That gives you a course over the ground of 175°True at a speed of 2.6nm. (see dig. below)
This is the reading you would see on a GPS.
You are actually swimming in a direction of 145° True at 1.5 (3000 yards ) an hour.
Your swim is made up of these types of calculations made by your pilot all the way over from England to France using the tidal information from the tidal diamonds scattered all over the chart. They have to adjust them for the tide, wind etc and consider what is happening in the North Sea and at the South Western approaches.

Where we start and end up is dependant on the swimmers speed and the tidal height, the interpolation of the tides, plus a bit that has to be calculated by "seat of the pants" and added for the wind and the weather variables.
Unless you are very fast or very slow you will usually start somewhere between an hour before high water and an hour after high water. This start time is often "Gut feeling" and worked back from the estimated crossing time and landing place.
For instance --- If you start at one hour before High Water then you have 5.5 hours of "flood carrying you North Easterly followed by 6 hours of a South Westerly flow that's 11.5 hours to reach Cap Gris Nez. (It's actually a little less than that, say 11 hours most days - but it can also be a little more sometimes)
36200 yards ÷ 11.5 = 3150 yards an hour = 1.575 nm = 2900 metres of swim distance per hour - (including feeds and stops) to reach the point. I actually think you have to cover 3400 yards (1.7) plus nm or at least 3000 metres to land at Cap Gris Nez, if everything goes according to plan.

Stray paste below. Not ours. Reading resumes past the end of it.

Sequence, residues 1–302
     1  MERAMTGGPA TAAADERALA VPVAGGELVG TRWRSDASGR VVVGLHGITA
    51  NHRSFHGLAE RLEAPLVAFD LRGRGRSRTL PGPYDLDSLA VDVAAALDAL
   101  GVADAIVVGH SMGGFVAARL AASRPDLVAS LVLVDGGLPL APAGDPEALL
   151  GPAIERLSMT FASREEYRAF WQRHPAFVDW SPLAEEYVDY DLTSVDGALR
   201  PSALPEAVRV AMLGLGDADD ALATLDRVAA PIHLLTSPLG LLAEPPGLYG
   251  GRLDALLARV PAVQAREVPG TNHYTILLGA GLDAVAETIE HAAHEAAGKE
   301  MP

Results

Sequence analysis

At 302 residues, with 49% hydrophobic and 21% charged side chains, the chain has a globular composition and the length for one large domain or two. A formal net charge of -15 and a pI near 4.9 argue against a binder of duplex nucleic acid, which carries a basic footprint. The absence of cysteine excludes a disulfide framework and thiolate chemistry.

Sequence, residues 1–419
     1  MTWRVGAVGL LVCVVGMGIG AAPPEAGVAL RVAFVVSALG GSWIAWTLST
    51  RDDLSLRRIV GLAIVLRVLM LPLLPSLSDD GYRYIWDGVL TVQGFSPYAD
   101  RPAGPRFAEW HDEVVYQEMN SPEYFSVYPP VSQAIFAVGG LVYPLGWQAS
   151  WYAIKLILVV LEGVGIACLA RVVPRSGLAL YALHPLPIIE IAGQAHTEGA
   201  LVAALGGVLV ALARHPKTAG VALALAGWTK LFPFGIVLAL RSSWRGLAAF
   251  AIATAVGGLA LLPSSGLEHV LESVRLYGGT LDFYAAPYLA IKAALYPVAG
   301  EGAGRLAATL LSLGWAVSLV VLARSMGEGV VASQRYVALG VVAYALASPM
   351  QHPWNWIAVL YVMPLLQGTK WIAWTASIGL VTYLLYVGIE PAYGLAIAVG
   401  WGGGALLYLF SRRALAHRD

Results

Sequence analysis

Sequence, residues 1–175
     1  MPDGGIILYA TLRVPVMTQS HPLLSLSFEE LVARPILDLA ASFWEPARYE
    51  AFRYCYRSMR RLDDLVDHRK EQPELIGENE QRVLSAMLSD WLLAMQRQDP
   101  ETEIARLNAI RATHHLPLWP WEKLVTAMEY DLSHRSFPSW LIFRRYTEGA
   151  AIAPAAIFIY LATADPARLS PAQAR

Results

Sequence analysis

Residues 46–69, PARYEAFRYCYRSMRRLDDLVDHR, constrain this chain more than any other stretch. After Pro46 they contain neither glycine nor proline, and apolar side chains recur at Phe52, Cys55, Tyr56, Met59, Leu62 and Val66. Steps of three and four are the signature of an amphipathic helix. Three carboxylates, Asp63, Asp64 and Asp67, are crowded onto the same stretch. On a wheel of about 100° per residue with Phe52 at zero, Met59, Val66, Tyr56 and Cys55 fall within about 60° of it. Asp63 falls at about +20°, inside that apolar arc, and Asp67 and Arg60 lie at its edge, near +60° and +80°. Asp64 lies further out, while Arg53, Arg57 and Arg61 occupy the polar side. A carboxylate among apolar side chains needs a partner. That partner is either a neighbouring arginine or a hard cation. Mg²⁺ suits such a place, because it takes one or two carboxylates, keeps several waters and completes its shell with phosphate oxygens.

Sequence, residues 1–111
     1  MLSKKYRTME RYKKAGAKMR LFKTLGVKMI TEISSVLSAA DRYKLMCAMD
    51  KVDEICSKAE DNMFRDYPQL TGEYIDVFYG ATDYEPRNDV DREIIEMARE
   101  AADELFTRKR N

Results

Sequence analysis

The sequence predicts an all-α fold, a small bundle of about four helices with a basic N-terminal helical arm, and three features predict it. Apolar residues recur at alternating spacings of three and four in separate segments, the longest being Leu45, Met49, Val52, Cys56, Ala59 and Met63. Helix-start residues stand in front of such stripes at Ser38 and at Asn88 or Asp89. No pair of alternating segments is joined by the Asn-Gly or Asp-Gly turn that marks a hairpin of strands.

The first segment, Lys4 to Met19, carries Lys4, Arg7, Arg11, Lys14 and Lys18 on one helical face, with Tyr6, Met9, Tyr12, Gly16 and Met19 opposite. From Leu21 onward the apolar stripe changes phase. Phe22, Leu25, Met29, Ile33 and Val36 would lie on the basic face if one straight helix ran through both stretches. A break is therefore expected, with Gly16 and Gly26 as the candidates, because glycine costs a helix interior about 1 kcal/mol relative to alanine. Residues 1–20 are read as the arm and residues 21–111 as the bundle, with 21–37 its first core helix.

Remember that at this speed (1.7nm) every minute lost is costing you 60 yards. That adds up to a lot of distance for 11 /12 hours. If you loose an average of 5 minutes an hour over 11 hours it will cost you 3300 yards - that's 1.65 nautical miles or an hours swim time, and possibly a landing on the point at Cap Gris Nez.
Just because I have used an hour before HW do not think that is the best time to start.
It might not be best for you or for the day or for the tide. Your pilot might not be planning for you to land at Cap Gris Nez. If you swim slower than 1.7 or the tide is higher than predicted or the wind is in a different direction and he/she wants a sheltered landing place - the list of "ponderables" is a very long one of.

--- Remember that this is a very basic explanation and there is a lot more involved "on the day" ---

Unfortunately it's not very often that everything goes to plan anyway and there are other many factors that determine what happens.
For instance I like all my swimmers to be at least 3 nm from the shoreline by the time they are in line with the Eastern Entrance to avoid the tidal split and flow into the Downs. We will often start at Abbotts Cliff to make this happen.
There is a tidal flow out of the Calais approaches and from the Dunkirk area that we try to avoid (unless we are doing a slow 2-way attempt) and the same goes for being on the wrong side - Westerly / seaward - of the Colbart (Ridge) bank in certain conditions.
As I have said before " a little knowledge can be dangerous". Try and think of yourself as the pilots engine - all you have to do is go forward at a steady pace. Let him do the navigating and driving.